When Michael Nutter resigned from City Council last year to announce his candidacy for mayor, his Council colleagues were conspicuous in their absence: not one showed up to endorse his run.
That was then.
Now, Council members have almost entirely good things to say about the city's likely next mayor. They readily recollect Nutter's accomplishments and legendary attention to detail. But the many moments when they found him stubborn and exasperating? Those memories have suddenly gone a little hazy.
"Michael and I go way back. We never had a bad day," said Frank DiCicco, who backed Bob Brady in the mayoral race.
"I worked with Michael for years, and we always had an absolutely wonderful working relationship," said Council President Anna Verna, another Brady backer.
"I think it's a good day," said Jannie Blackwell, Tom Knox's chief Council cheerleader.
Of course it makes good political sense to make nice with the Democratic Party's new standard-bearer, but there is more than that to the pro-Nutter noises now coming from Council.
Years of dysfunction between Mayor Street's office and the city's legislators have left Council members fervently hoping for a better relationship with the next mayor.
"I'm looking forward to being part of a team, to giving him the latitude he needs to put his policies in place," said Councilman Jim Kenney, who backed Brady in the election. "I want to start this term with a note of unanimity and teamwork that we haven't had."
Nutter seems anxious to do the same. He visited Verna in her offices yesterday, mere hours after winning the election.
"He wanted to assure me that we will work closely together, as when Ed Rendell was the mayor," Verna said. "He has my full support."
There is clearly an expectation - or perhaps just a hope - that Mayor Nutter will be better than Councilman Nutter when it comes to compromise, to sharing credit, and to humility.
"He'll mellow out," DiCicco predicted.
"I think he realizes he's just graduated to an entirely new level," agreed Republican Councilman Frank Rizzo, who pointed out that Nutter still must defeat GOP mayoral nominee Al Taubenberger.
Council members also are hoping that Nutter won't engage in the same sort of power politics that Street excels at. They predicted he would seek consensus or near-consensus, rather than split Council into pro- and anti-Nutter forces.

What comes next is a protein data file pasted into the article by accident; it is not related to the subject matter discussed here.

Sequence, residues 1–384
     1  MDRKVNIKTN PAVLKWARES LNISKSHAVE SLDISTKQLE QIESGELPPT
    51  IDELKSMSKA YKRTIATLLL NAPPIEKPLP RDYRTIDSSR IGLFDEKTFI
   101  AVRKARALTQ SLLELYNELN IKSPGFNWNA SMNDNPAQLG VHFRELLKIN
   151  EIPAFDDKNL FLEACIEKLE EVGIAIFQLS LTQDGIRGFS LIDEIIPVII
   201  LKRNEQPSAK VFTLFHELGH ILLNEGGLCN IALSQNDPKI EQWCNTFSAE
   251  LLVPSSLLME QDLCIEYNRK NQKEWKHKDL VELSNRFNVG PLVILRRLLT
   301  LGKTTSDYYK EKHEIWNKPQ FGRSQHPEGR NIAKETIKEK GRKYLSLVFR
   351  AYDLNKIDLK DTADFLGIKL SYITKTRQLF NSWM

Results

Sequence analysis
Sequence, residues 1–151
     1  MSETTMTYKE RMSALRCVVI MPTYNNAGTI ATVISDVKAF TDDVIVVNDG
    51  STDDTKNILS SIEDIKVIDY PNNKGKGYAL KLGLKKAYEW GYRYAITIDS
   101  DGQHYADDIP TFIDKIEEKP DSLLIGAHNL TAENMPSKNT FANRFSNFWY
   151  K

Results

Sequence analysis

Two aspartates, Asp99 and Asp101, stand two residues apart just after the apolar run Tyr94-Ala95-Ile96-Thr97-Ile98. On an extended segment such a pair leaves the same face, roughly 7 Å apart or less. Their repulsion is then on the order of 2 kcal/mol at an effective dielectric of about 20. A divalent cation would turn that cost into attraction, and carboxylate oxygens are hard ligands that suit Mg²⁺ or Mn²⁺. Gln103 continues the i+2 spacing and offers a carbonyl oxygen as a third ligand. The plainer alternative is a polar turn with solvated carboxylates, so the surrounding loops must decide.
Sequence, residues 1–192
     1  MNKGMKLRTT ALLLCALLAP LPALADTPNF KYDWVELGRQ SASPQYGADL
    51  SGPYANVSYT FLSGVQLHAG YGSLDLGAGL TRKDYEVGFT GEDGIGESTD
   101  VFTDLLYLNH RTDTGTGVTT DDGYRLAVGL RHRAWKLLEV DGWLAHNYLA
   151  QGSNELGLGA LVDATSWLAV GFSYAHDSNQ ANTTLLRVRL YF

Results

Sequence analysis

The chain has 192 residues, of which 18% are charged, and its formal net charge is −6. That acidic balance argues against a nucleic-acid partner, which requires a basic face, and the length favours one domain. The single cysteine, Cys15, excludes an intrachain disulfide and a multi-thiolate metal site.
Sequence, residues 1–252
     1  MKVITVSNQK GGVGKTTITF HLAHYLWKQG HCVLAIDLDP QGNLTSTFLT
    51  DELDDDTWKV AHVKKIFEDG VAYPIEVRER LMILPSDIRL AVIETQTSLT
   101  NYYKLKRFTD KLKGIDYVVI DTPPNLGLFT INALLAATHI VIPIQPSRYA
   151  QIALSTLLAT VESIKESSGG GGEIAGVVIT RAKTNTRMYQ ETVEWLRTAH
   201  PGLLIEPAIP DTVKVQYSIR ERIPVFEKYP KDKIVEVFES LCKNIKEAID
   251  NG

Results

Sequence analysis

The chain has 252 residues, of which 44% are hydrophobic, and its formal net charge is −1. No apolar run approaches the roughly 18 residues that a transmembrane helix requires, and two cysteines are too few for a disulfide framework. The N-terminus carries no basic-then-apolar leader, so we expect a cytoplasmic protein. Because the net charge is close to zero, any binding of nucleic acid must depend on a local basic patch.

"Michael tries to be inclusive," said Councilwoman Marian Tasco, who backed State Rep. Dwight Evans in the mayor's race. "The Street model of controlling enough votes to block legislation was not helpful, and I don't think Michael will go in that direction."
Bill Green and Maria Quiñones Sanchez - who won Democratic nominations in Tuesday's vote - said yesterday that they expected to get along well with Nutter, whose reform-heavy message likely helped get them elected.
"I think he'd find it hard not to sign any bill I introduced," Green said of Nutter, when asked how their respective agendas matched.
Even Curtis Jones Jr., who appeared to have defeated Councilwoman Carol Campbell in the race for Nutter's old Fourth District Council seat, said yesterday that he respected Nutter and was looking forward to working with him.
Nutter had endorsed a third candidate in the race, Matt McClure.
"I don't hold that against him," Jones said. "That's politics. We're about to do policy."
Though no one on Council openly backed Nutter for mayor, many indicated throughout the race that they considered him an acceptable choice.
Longtime friendships and alliances kept Verna, DiCicco, Kenney and others loyal to Brady. The same applied for Tasco and Dwight Evans, and for Blondell Reynolds Brown and Chaka Fattah.
Tasco said Nutter would have had her vote, had Evans not been in the contest.
"It didn't have anything to do with Council members not liking him or not wanting to support him," she said. "It was these long-term relationships we had with the other candidates."
As Knox rose in the polls, Nutter looked better and better to many Council members.
But not to Blackwell, the majority leader. While she had kind words for Nutter yesterday, Blackwell said she did not regret backing Knox. Nutter, she predicted, was going to have a tough time balancing his desire for tax cuts with the city's service needs.
"It won't be easy," she said. "But he's a smart enough guy to figure it out. We'll see if he does."